You have a new and innovative solution (for example, a product or a method) that solves a problem. You want to apply for a patent covering that solution. To discuss the patent application, you set up an appointment with a drafting patent attorney. In the discussion, the drafting patent attorney will ask questions related to the solution so that they understand it well. In order for such discussions to be productive and efficient, it would be useful to be prepared with answers to a few basic but important questions beforehand.
- Is there a "conflict of interest" with the drafting patent attorney?
Conflict of interest may arise, for example, when the drafting patent attorney has represented (in the past or present) a client whose solutions might be similar to your own. This is a key question to be answered before you provide any confidential information about your solution to the attorney. Ideally, this should be confirmed even before fixing the appointment with the attorney.
- Determine who you are - a private inventor or an employee inventor?
A private inventor acts in their personal interests and is also the owner of their solutions. Sometimes, the private inventor may have a relationship with a third party, for example, a financial backer or a potential licensee with an interest by way of financial input. In such cases, you should discuss and clarify your relationship with the attorney to avoid any future legal disputes.
Employee inventors are usually under contractual obligations to their employer. If you are an employee inventor, questions you should try to answer include whether you have developed the solution without the aid of your employer's resources, such as tools, workspace. It is also useful to review your employment contract to check for any clauses mentioning the assignment of your inventions to your employer.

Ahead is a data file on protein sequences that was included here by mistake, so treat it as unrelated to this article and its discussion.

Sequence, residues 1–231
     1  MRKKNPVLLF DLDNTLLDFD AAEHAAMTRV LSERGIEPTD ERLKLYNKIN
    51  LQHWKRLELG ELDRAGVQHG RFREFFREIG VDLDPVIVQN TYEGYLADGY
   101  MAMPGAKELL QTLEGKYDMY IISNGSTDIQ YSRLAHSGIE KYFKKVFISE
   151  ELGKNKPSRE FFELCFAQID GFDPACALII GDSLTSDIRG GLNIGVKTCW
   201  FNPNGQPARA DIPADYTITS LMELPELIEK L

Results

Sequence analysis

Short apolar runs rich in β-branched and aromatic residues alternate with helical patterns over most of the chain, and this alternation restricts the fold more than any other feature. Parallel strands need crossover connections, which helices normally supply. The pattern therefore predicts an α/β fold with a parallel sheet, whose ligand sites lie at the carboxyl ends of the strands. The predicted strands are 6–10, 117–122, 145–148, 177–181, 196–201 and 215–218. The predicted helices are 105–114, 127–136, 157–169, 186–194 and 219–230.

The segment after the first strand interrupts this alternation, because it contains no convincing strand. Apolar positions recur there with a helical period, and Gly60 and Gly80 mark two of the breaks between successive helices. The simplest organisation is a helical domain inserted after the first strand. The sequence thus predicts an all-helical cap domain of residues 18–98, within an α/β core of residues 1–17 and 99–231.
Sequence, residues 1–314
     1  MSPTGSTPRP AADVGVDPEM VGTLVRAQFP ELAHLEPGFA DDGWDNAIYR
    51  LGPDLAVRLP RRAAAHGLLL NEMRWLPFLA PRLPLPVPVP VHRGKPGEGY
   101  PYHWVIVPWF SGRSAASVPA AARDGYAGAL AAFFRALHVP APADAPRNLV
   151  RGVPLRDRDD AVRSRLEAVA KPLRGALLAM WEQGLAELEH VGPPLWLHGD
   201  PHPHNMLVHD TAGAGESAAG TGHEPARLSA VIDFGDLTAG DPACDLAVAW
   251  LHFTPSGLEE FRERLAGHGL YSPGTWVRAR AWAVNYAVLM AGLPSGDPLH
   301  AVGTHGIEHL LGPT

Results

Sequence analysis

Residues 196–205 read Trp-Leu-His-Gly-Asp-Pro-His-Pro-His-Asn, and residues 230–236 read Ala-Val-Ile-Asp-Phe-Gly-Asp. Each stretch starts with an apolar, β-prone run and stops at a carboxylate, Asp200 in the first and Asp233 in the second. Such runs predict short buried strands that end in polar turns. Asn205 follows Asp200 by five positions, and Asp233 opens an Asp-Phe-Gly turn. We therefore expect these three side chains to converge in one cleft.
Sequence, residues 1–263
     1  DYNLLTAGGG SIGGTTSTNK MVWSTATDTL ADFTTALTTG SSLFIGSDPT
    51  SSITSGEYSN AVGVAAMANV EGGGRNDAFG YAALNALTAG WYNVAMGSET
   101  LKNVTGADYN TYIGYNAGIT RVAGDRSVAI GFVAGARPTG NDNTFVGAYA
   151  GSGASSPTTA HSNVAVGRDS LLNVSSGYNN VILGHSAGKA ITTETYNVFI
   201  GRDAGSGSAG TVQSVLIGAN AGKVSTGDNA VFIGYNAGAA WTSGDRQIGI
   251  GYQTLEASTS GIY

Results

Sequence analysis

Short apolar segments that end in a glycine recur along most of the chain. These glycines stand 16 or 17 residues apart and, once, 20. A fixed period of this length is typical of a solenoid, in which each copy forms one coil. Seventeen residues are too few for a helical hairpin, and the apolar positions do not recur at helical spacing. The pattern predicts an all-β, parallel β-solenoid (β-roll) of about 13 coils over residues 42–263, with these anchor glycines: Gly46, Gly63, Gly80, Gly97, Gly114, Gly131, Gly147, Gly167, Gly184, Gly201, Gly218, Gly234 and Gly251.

- Do you have co-inventors?
If multiple contributors have been involved in the conception or realization of the solution, you should be prepared to discuss with your attorney details of your co-inventors, and the steps or parts of the solution in which they have taken part.
In India, you may identify your co-inventors based on the following criteria (note that the position may be very different in other jurisdictions): A person who intellectually contributes to the creation of your solution could be a co-inventor of your solution. However, a person who merely helped you in conducting experiments or followed your instructions to build a prototype of your solution should not be considered as a co-inventor, as per the decision by the Controller of Patents in National Institute of Virology vs Mrs. Vandana S. Bhide (Pre-grant Opposition before the Controller of Patents in Patent Application 581 /BOM/ 1999 ).
Further, in an employer-employee relationship, an employer who provides only wherewithal (e.g., finances required to develop the solution) cannot be considered an inventor, as laid out in V.B. Mohammed Ibrahim vs Alfred Schafraneck And Ors (AIR 1960 Mys 173).
- Has the solution been publicly disclosed before?
The prior disclosure of an invention may prevent you from getting a patent, and as a thumb rule, no disclosure should be made before filing the patent (See: https://www.obhanandassociates.com/blog/ideas-made-public-may-not-be-patentable/).
Public disclosure can affect the application process in many ways. Therefore, it is important to have the following information ready and available:
a. the date on which the solution was confirmed;
b. copies of presentations, brochures, or web pages that disclose the solution (or a part of the solution) with their corresponding publication dates;
c. details of all third parties that know of the solution;